I have been trying to jot down my memories of the London Scotland trip before it fades away in memory. So here goes installment 3 of the series:

The cruise on the Thames River is beautiful. The pamplets don’t lie. They tell you to watch for London Eye on the left, the London bridge up ahead, Westminster Abbey on the right etc.

I just have to look down from my screen and I can visualize the cruise – how cool is that?

Cut. Now zoom your lens out to the next shot.

The train ride from London to Edinburgh is breathtakingly beautiful.

I just have to look down from my screen and I can picture the whole train ride again. Cooler than the cruise or what?

London may have been dripping with History and the buildings and statues spotting the city vying for your attention like they have been for centuries. But what attracted me was at ground level. The English countryside may have been as charming as a painting as the train charged past it at 120 miles an hour. What I remember is again the ground basics.

Here’s another one….

Let me elucidate. I spent an inordinate amount of time looking at people’s footwear. I don’t suppose anybody has studied the footwear of the English as much as I did. If you ask me whether clogs or boots or molasses were the latest in fashion, I will not be able to tell you. You know how it is – the mind is preoccupied. The eyes are seeing the roses, but not taking them in. That was me. The very epitome of motherly vigilance. My baby learnt to crawl a few weeks before the trip to the UK. Once mobile, there was(is) nothing to stop him from practicing EVERYWHERE. He would try to slip himself off the stroller, try to jump your shoulder, claw his sister (Who incidentally does an impressive job of carrying him) – anything to get crawling.

Imagine my chagrin, therefore, when we walked into the cruise with a hot samosa in my backpack just waiting to be devoured, and looking forward to a peaceful cruise; when the whole thing was upset by a baby wanting to crawl near the refreshment booth to boot. Obviously it was no fun being strapped into a stroller or being carried when one’s immunity needs building up by licking the carpets of cruise ships, flights and trains. So, I let him crawl. (See how I worked in an illusion of control into that sentence? ) Whether it was just my feverish eye I will never know, but not one of the potential tramplers seemed to be under 200 pounds in weight. I stood there looking sulky and watching the little thumper pick up dirt from the carpet while the beautiful sights of London passed me by. My daughter said ‘Don’t worry Amma. I will tell you the list of things you missed.’ and sat down to enjoy her icecream by the window. I saw the most muddy pair of shoes I have ever seen in urban areas aboard that ship, and obviously those were the shoes that most attracted the crawler. The man in the shoes was a very sweet man with a bristling moustache and said, ‘Don’t worry – the dirt is clean!”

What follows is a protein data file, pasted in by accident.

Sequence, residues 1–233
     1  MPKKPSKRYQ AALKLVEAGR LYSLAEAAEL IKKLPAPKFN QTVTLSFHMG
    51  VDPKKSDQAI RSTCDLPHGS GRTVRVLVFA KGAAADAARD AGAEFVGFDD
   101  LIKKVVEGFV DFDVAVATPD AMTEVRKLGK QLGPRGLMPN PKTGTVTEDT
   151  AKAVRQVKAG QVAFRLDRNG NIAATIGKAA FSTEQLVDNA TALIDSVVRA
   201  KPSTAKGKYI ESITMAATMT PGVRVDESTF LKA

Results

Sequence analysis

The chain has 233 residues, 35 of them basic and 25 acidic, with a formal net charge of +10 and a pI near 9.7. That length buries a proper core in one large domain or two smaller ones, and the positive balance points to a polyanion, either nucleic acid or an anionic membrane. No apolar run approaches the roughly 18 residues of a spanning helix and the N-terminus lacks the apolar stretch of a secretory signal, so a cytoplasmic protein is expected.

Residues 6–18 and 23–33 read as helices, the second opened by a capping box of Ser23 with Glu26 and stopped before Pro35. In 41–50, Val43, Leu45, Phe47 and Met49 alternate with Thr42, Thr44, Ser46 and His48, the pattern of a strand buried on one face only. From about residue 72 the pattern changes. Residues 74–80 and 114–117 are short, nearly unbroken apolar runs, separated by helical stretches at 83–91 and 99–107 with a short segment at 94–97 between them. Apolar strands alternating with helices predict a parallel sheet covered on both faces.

I must have bent and picked him up 2^16 times in the whole cruise. Some exercise.

The same scene was enacted on the train ride from London to Scotland. The book I had planned to read on the train(I know!) lay forgotten on the abandoned seats while the daughter, son and I manned the dirtiest zones of the train. The cleanliness factor was upped a bit by the fact that the chosen area was near the restroom and nothing but a motion sensor controlled sliding door to hamper progress. The motion sensors were obviously at a height taller than my baby and the whole time people would walk through the door assuming a free passage only to find a baby lurking at stamping distance. I only picked him up at the rate of 255 times an hour for 4 hours.

If I hadn’t practiced on the cruise, I might have had a sore back, but since I aced the pick up act, I sailed through looking triumphant and bronzed ready to take in the sights of stockinged legs of men in kilts at Edinburgh.